HENDERSON, Ky (WEHT) – A federal grand jury has returned an indictment, charging Jeremial Leach, 18, of Evansville, with multiple drug charges involving fentanyl.
The charges are:
- Distribution of Fentanyl Resulting in Death
- Distribution of Fentanyl, two counts
- Possession with Intent to Distribute Fentanyl
According to the United States Attorney’s Office of Southern District of Indiana in a press release, Leach is allegedly responsible for dealing fentanyl, resulting in at least three overdoses, one resulting in death. Leach allegedly advertised the laced counterfeit pills over Snapchat to hundreds of recipients using the alias “Mel.”
On June 25, 2022, at approximately 12:11 a.m., officers with the Evansville Police Department (EPD) responded to a residence on Wedeking Avenue in reference to the overdose of an adult female. The woman was revived with naloxone (Narcan). Later that day, at approximately 10:55 a.m., officers responded to the same residence where another woman died. The coroner located a counterfeit oxycodone pill containing fentanyl on the deceased woman. The cause of both overdoses was determined to be fentanyl intoxication.
Investigators searched the deceased victim’s phone and found conversations between her and Leach in which they discussed the transaction of “blues” pills. Leach gave her his address on Shanklin Avenue.
On August 20, 2022, at approximately 4:15 p.m., EPD officers were dispatched to a restaurant located on Hirschland Road, concerning another overdose. Upon arrival, officers located a woman sitting on the ground in the restaurant’s parking lot not alert and beginning to lose consciousness. The woman advised the officers she had taken 30 mg of oxycodone.
On August 22, the third victim told investigators on the day of her overdose, she purchased four Percocet 30s from 1614 Shanklin Avenue and overdosed because they contained fentanyl. She identified Leach as her supplier.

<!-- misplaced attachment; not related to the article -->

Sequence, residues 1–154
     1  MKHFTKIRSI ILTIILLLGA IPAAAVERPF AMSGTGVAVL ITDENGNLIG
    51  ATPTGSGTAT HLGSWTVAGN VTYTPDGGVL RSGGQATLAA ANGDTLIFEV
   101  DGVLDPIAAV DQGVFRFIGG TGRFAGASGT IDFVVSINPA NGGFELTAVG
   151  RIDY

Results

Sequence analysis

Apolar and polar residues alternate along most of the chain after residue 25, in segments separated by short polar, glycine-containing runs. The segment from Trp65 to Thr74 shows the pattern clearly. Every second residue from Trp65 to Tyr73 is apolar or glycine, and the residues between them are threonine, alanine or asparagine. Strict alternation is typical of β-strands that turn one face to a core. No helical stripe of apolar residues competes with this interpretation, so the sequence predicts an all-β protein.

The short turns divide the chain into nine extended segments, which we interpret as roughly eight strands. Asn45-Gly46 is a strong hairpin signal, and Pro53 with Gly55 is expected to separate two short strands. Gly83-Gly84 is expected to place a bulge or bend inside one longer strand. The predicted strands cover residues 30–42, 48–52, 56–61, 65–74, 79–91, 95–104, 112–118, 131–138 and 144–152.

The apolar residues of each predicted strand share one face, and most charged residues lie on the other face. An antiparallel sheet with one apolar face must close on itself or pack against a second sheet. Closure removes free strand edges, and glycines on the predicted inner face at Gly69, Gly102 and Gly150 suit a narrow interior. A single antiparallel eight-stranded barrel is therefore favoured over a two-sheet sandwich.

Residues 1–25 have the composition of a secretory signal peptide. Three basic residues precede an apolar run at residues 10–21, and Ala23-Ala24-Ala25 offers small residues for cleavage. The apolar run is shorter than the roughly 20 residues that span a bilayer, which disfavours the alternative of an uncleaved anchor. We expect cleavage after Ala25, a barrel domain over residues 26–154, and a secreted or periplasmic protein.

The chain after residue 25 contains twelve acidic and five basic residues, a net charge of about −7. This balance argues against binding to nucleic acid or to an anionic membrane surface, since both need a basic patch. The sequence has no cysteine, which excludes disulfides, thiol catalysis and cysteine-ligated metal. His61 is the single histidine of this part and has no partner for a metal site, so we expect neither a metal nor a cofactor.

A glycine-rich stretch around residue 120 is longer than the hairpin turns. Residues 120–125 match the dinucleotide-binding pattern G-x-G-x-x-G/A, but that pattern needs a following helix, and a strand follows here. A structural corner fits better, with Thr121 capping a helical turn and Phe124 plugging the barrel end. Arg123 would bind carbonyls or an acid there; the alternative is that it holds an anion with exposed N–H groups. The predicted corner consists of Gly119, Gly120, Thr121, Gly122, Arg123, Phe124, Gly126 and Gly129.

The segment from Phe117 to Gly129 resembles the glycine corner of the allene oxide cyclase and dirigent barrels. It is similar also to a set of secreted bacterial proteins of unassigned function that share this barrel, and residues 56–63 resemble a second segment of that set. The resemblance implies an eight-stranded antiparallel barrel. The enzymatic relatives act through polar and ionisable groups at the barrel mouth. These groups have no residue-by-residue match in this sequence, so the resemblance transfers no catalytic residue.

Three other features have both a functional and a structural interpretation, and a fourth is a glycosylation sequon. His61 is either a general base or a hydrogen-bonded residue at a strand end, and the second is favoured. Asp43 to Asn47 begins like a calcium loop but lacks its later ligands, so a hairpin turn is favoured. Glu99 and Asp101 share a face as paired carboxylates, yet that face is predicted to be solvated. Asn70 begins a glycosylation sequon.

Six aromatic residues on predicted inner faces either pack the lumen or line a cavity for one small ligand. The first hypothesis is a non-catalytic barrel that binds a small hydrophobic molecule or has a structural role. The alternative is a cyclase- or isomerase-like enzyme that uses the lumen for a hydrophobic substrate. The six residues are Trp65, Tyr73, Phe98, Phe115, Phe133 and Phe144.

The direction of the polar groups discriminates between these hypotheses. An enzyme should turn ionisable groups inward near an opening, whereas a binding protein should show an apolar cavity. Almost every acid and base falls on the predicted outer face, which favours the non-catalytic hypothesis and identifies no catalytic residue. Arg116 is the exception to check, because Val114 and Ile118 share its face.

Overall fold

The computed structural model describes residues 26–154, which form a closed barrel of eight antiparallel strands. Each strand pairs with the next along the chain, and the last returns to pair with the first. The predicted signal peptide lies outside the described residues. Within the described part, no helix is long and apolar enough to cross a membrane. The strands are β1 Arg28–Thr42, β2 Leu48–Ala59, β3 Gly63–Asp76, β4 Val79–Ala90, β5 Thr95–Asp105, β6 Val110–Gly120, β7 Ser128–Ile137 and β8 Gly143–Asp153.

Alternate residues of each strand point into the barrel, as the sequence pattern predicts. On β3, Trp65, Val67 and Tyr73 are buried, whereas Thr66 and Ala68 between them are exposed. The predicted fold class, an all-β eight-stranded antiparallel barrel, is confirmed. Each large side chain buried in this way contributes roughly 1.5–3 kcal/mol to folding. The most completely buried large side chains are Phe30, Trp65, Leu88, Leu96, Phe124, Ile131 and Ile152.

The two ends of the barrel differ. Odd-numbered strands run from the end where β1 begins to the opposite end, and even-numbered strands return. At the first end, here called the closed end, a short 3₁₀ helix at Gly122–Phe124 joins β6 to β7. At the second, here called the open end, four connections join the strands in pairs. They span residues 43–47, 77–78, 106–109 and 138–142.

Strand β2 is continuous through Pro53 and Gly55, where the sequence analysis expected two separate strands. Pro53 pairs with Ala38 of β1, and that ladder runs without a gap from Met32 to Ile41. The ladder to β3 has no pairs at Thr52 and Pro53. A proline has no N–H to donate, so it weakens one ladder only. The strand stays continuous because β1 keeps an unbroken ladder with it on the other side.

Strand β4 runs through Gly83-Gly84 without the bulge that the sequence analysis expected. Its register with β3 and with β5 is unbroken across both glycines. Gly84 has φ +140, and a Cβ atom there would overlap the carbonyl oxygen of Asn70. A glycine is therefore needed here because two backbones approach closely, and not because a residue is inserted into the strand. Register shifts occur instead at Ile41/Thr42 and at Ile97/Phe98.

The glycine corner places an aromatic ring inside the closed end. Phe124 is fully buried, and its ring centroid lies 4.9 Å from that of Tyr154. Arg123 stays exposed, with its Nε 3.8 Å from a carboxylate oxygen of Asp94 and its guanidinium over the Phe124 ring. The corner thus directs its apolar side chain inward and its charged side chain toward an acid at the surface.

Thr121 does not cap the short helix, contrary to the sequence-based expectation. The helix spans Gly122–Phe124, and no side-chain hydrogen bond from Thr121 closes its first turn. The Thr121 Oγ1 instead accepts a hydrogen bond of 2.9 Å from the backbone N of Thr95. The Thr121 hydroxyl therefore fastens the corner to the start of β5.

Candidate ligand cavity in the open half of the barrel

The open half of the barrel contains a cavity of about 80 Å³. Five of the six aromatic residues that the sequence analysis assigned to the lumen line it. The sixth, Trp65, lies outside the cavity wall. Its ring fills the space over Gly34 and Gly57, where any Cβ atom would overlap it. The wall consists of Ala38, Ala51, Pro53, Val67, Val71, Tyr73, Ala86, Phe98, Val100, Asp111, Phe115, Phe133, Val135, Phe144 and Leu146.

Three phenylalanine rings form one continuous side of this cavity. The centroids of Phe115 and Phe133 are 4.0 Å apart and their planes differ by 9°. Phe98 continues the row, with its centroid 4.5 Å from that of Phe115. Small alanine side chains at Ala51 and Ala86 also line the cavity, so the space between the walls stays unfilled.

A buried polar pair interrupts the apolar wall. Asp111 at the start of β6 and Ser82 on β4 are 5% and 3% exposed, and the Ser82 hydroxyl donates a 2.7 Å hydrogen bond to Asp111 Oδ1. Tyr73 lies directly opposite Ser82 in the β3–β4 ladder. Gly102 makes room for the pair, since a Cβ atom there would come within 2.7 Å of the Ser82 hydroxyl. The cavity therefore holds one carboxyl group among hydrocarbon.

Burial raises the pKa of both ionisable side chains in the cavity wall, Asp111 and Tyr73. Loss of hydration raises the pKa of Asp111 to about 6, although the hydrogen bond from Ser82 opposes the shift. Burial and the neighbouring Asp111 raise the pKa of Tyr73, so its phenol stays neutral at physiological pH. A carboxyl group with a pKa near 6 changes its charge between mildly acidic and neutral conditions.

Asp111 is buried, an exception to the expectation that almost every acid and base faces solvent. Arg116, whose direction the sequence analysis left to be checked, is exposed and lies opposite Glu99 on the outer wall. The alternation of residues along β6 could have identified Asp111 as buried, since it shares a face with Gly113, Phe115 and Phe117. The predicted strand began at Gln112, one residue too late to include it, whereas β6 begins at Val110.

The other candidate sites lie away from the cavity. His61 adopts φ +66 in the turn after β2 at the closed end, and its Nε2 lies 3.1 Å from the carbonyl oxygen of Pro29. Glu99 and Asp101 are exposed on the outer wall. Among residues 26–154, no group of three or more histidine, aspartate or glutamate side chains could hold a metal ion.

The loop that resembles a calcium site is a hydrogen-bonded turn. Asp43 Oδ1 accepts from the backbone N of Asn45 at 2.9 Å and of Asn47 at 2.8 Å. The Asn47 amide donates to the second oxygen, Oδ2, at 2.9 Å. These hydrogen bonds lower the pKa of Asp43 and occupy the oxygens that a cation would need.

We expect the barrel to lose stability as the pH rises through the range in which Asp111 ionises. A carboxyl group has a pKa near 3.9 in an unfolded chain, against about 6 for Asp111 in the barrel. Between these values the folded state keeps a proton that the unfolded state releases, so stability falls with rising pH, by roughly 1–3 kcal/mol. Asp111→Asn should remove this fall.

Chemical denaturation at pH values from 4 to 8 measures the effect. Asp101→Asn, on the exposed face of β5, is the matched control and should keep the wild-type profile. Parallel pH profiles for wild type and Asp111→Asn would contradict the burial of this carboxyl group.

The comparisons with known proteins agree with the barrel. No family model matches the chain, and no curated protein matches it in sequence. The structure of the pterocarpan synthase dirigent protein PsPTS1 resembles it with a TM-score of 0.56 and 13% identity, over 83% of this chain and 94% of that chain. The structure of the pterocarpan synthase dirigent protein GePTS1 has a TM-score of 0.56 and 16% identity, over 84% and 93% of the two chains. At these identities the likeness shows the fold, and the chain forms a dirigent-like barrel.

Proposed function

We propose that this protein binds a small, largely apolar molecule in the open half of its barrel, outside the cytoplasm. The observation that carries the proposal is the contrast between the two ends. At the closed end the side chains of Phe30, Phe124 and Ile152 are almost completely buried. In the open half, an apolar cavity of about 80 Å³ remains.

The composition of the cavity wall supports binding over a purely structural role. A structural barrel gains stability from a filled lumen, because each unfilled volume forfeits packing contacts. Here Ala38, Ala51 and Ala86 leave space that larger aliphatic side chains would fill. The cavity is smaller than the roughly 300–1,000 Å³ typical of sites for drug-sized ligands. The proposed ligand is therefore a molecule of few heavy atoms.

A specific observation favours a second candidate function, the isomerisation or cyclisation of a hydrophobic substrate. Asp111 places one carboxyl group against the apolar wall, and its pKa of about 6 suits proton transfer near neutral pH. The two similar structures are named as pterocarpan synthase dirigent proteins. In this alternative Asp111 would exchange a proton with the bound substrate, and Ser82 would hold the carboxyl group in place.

On October 7, at approximately 2:14 p.m., EPD officers responded to a location on SE Riverside Drive after receiving a call regarding a single vehicle accident. The witness advised the driver of the vehicle, a minor boy, was no longer coherent. EPD personnel arrived and attempted to wake the driver with a sternum rub. After failing, Narcan was administered. After becoming responsive, the boy admitted to medical personnel he took two Percocet 7.5 mg pills that he purchased from “Mel” via Snapchat about 45 minutes before the crash. He speculated the pills may have been pressed fentanyl pills than Percocet.
On October 11, investigators with the Evansville-Vanderburgh County Drug Task Force observed Leach conduct two apparent drug deals at his residence. The buyers, both underage boys, left separately in a Kia Optima and a gold Hyundai Tucson. Shortly after, law enforcement stopped both vehicles after observing traffic violations.
During the traffic stop, investigators located three blue pills marked “M30” inside the Kia and six of the same pills in the Hyundai. One boy later stated his dealer’s name was “Mel.”
Later that day, officers executed a search warrant at Leach’s residence. Leach exited the front door and was taken into custody by detectives. Some items located and seized included 33 blue pills marked “30”, a digital scale, two 9mm pistols and approximately $1,843 in cash.
The pills seized during the traffic stops and from Leach’s residence were submitted for laboratory analysis and tested positive for the presence of fentanyl.
The DEA, the Evansville Police Department and the Evansville-Vanderburgh County Drug Task Force were all involved in this case. If convicted on all counts, Leach faces up to life in prison. A federal district court judge will determine the actual sentence after considering the U.S. Sentencing Guidelines and other statutory factors.
U.S. Attorney Myers thanked Assistant United States Attorney Kristian Mukoski, who is prosecuting this case.
According to the Drug Enforcement Administration, as little as two milligrams of fentanyl can be fatal, depending on a person’s body size, tolerance and past usage. One kilogram of fentanyl has the potential to kill 500,000 people. Six out of ten illegal fentanyl tablets sold on U.S. streets now contain a potentially lethal dose.